Terps trudge past Del. State, 77-53

Looking ahead, UM sloppy in slowdown

College Basketball

November 25, 2001|By Gary Lambrecht | Gary Lambrecht,SUN STAFF

COLLEGE PARK - From the opening tip of their methodical, tough-to-watch, 77-53 victory over Delaware State yesterday, one could sense the Maryland Terrapins were thinking three days ahead, when a huge threat will invade their home court.

For two hours before an announced crowd of 13,146 that was missing a large contingent of Maryland students enjoying a holiday weekend, the No. 6 Terps battled themselves as much as they batted away the overmatched and pesky Hornets.

The Terps (3-1) rebounded poorly in the first half, then manhandled Delaware State (2-1) on the glass after halftime. They took care of the ball early, then threw it away down the stretch. They shot poorly at the free-throw line from wire-to-wire. And for much of the contest, they were frustrated by a slowdown approach by Delaware State, which stood around and milked the shot clock.

And when the drudgery was done, after senior center Lonny Baxter (18 points, 12 rebounds) had recorded his first double double of the season and the 24th of his career, and after sophomore forward Chris Wilcox had fired up the crowd by coming off the bench to record career highs with 16 points and 10 rebounds, the Terps essentially rolled their eyes and started talking about the real game.

That would be Tuesday night's showdown against visiting, No. 2 Illinois, which is the opening game of the ACC/Big Ten Challenge. It marks the fourth straight year in which the two schools have met. Last year, Illinois handed the Terps their first loss of the season at the Maui Invitational. That sent Maryland into a season-opening, 1-3 tailspin.

Suffice it to say that Maryland's 79-game home-court winning streak against nonconference opponents, the longest in the nation, is in jeopardy. In 13 seasons under Gary Williams, Maryland has never faced a higher-ranked nonconference team at Cole Field House.

In a terse post-game news conference, Williams said he got what he thought might happen - an uneven, unemotional effort from a superior squad with bigger things on its mind. Williams also sounded as bothered by Delaware State's deliberate style as his players were.

"This is a tough time for us to play, with the students not here and Illinois coming in Tuesday night. We were very aware of that," said Williams, whose Terps used an 11-4 run at the end of the first half to take a 37-21 halftime lead and stretched that margin to as much as 65-36 with 9:28 to play, before getting lackadaisical again.

"It's difficult to stay motivated when you're up by 16 at halftime and not playing particularly well," Williams said. "We're not used to playing that style of play, where you have to chase the ball [far from the basket] on every possession. It's something we don't spend a lot of time on, because nobody does that. I guess [Delaware State] figured it was their best possible chance to win the game."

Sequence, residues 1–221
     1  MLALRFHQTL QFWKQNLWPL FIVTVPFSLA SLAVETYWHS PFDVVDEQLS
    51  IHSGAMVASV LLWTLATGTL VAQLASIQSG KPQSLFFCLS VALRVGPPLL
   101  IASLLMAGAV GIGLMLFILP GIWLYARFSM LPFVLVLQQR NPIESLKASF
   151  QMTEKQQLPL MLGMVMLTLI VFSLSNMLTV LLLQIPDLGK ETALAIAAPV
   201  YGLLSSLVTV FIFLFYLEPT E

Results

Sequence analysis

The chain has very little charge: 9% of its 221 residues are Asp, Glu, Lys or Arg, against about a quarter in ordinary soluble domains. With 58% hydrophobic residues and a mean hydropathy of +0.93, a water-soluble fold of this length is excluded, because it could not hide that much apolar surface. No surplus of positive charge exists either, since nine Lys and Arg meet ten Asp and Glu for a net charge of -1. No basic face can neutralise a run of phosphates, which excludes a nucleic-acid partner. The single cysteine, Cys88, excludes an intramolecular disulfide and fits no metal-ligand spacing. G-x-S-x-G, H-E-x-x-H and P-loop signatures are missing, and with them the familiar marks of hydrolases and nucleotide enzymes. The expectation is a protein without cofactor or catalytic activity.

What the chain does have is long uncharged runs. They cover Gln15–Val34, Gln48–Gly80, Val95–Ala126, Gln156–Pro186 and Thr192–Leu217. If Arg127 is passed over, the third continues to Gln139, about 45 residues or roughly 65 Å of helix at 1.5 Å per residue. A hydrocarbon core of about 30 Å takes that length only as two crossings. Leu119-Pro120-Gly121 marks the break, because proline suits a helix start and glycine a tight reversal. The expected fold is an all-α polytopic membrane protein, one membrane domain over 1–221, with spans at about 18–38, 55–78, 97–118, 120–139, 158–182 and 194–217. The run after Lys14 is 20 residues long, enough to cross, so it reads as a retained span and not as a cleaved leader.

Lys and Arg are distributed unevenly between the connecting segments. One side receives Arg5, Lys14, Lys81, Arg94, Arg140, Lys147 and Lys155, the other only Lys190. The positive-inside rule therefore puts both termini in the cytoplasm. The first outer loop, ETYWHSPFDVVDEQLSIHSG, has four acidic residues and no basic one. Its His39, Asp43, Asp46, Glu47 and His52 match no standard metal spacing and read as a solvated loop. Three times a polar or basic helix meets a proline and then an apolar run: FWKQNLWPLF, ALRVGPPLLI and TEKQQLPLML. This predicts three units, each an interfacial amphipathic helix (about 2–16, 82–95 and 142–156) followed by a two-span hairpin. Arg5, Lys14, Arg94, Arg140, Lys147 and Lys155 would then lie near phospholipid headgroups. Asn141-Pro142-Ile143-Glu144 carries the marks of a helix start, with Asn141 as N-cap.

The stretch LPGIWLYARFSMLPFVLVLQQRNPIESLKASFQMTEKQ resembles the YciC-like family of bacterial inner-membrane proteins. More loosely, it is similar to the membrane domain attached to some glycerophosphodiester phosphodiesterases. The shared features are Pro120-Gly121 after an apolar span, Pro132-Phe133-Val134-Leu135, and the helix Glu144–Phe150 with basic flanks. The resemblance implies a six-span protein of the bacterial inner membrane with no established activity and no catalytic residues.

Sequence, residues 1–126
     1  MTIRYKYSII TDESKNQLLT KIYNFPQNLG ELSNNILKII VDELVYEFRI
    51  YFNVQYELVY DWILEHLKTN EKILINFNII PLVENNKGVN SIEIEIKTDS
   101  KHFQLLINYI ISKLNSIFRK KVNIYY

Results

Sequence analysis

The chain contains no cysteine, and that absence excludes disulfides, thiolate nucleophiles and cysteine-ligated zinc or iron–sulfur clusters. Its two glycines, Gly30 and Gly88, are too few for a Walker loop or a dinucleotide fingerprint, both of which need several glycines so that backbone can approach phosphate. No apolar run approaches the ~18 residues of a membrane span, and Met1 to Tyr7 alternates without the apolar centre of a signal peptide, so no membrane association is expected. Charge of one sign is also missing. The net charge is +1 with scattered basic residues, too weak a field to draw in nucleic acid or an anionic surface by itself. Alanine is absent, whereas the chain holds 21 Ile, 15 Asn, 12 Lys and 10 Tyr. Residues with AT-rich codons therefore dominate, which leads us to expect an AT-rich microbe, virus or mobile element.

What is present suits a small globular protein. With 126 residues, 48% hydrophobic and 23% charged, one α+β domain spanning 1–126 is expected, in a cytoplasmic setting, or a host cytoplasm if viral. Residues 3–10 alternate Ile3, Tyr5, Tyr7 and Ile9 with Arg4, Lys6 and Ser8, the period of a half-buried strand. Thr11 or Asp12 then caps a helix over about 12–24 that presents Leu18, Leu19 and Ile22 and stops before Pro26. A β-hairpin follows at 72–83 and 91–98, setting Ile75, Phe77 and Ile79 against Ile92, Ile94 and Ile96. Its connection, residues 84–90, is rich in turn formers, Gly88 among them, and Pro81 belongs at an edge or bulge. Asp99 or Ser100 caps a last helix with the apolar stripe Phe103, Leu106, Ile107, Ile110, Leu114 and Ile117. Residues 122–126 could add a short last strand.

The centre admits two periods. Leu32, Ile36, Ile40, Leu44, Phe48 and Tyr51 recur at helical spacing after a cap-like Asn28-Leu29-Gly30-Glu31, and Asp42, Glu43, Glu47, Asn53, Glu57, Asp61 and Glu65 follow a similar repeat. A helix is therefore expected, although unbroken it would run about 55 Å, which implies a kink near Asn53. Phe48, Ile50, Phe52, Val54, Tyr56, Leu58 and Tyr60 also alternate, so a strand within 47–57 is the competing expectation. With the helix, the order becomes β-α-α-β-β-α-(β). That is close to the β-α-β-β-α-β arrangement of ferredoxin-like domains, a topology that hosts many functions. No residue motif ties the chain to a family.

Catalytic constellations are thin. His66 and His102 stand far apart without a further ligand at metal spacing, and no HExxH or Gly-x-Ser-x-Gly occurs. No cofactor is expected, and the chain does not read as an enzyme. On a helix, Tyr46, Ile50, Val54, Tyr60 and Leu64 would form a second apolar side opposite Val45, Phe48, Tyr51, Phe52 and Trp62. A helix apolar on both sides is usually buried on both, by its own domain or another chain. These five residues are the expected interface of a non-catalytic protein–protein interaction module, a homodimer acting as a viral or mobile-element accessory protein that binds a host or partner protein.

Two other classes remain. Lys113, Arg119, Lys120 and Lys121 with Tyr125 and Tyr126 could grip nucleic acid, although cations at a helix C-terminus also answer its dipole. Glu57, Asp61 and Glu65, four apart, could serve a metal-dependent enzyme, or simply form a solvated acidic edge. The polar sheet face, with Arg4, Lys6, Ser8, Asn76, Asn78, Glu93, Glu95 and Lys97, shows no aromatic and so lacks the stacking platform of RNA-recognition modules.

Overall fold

The Hornets, who were paced by forward Andre Matthews (18 points, 10 rebounds), had no realistic shot to win, but they were not short on effort. They even pulled to within 23-17 with 7:55 left in the first half. But Maryland did not do itself any favors. It missed 15 of 31 foul shots and got outworked on the offensive boards in the first half.

The Terps responded by destroying Delaware State in the second half inside, grabbing 31 rebounds to the Hornets' seven. But Maryland committed many of its nine second-half turnovers after taking that 29-point lead midway through the second half.

Wilcox, who is coming off the bench for now, was the premier player on the floor in the second half, when he scored 12 points, added seven rebounds and was unstoppable down low against the smaller, less athletic Hornets. He scored eight points during the 14-6 run that gave Maryland its 65-36 cushion, highlighted by two nasty dunks.

"It feels good, because I have a chance to go out there and play hard and show people what I can do," Wilcox said. "I felt like I owed it to myself. I haven't been getting the rebounds I should be getting. I was trying to get ready for Illinois."

"Even I get out of the way when [Wilcox] is coming down the lane, and those [Delaware State] guys were only 6-4, 6-5," said 6-10 Tahj Holden. "A lot of people wish they could jump like him. Even Michael [Jordan] wishes he could jump like him."

NOTE: The last time Maryland played host to a nonconference team ranked in the top 10 was Dec. 24, 1983, when Lefty Driesell's Terps won, 89-76, over No. 6 Boston College, which then was coached by Williams.

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